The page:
Coordination and Policy Traps

39 Pages Posted: 21 May 2003

See all articles by George-Marios Angeletos

George-Marios Angeletos

Massachusetts Institute of Technology (MIT) - Department of Economics; National Bureau of Economic Research (NBER)

Christian Hellwig

University of Toulouse 1 - Toulouse School of Economics (TSE)

Alessandro Pavan

Northwestern University

Multiple version iconThere are 2 versions of this paper

Date Written: September 2003

Abstract

This paper examines the ability of a policy maker to fashion equilibrium outcomes in an environment where market participants play a coordination game with heterogeneous information. We consider a simple model of regime change that embeds many applications examined in the literature. In equilibrium, the policy maker is willing to take a costly policy action only for moderate fundamentals. Market participants can use this information to coordinate on different responses to the same policy choice, thus inducing policy traps, where the optimal policy and the resulting regime outcome are dictated by self-fulfilling market expectations. Despite equilibrium multiplicity, robust predictions can be made. The probability of regime change is monotonic in the fundamentals, the policy maker intervenes only in a region of intermediate fundamentals, and this region shrinks as the information in the market becomes precise.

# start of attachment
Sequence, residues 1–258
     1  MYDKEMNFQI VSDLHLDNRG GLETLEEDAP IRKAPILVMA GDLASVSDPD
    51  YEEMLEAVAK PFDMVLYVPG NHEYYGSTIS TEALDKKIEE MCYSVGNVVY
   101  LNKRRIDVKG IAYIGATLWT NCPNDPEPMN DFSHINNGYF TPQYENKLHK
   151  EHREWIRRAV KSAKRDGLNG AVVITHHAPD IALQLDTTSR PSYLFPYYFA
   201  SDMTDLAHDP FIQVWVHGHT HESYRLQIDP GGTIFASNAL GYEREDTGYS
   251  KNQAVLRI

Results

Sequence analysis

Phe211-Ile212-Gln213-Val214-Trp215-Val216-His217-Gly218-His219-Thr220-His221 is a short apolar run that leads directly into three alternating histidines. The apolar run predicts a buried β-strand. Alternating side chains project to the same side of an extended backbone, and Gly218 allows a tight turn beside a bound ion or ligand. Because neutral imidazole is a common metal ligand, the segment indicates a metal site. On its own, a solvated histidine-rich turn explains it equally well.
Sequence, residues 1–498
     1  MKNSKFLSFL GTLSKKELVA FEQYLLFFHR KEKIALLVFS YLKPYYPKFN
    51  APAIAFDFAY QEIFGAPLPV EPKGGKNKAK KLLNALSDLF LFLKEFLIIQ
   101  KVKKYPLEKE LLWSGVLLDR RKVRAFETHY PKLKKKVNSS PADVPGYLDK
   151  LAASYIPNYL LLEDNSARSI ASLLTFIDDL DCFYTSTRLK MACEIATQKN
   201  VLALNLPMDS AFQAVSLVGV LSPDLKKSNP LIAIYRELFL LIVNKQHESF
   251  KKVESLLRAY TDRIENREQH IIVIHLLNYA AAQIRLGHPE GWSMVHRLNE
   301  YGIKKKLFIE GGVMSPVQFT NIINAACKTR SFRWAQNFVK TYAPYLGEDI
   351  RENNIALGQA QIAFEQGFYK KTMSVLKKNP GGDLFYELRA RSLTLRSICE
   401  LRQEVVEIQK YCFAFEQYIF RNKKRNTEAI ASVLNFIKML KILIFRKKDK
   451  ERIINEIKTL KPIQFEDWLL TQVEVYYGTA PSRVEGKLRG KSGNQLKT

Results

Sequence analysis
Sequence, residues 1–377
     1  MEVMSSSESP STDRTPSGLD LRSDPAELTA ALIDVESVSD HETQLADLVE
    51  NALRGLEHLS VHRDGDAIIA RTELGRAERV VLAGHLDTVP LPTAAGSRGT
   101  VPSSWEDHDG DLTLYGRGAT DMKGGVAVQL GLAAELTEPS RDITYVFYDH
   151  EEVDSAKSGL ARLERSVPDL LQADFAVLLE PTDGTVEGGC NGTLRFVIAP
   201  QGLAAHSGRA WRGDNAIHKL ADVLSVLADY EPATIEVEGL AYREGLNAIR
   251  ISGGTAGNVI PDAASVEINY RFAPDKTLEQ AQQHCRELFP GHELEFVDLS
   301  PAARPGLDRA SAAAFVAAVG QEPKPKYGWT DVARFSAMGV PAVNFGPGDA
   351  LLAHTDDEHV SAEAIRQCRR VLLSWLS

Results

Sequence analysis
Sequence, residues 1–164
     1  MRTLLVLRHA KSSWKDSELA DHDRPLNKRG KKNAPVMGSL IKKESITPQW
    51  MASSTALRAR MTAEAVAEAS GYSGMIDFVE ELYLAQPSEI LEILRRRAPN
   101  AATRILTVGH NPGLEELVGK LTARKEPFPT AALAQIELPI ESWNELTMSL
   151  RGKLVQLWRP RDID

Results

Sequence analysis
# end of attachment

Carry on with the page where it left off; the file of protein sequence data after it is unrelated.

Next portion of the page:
Keywords: Strategic complementarities, global games, signaling, regime change, market expectations, policy

JEL Classification: C72, D70, D82, D84, E52, E61, F31

Suggested Citation

Angeletos, George-Marios and Hellwig, Christian and Pavan, Alessandro, Coordination and Policy Traps (September 2003). MIT Department of Economics Working Paper No. 03-18. Available at SSRN: https://ssrn.com/abstract=410100 or http://dx.doi.org/10.2139/ssrn.410100

George-Marios Angeletos (Contact Author)

Massachusetts Institute of Technology (MIT) - Department of Economics ( email )

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Christian Hellwig

University of Toulouse 1 - Toulouse School of Economics (TSE) ( email )

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Alessandro Pavan

Northwestern University ( email )

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847-491-7001 (Fax)

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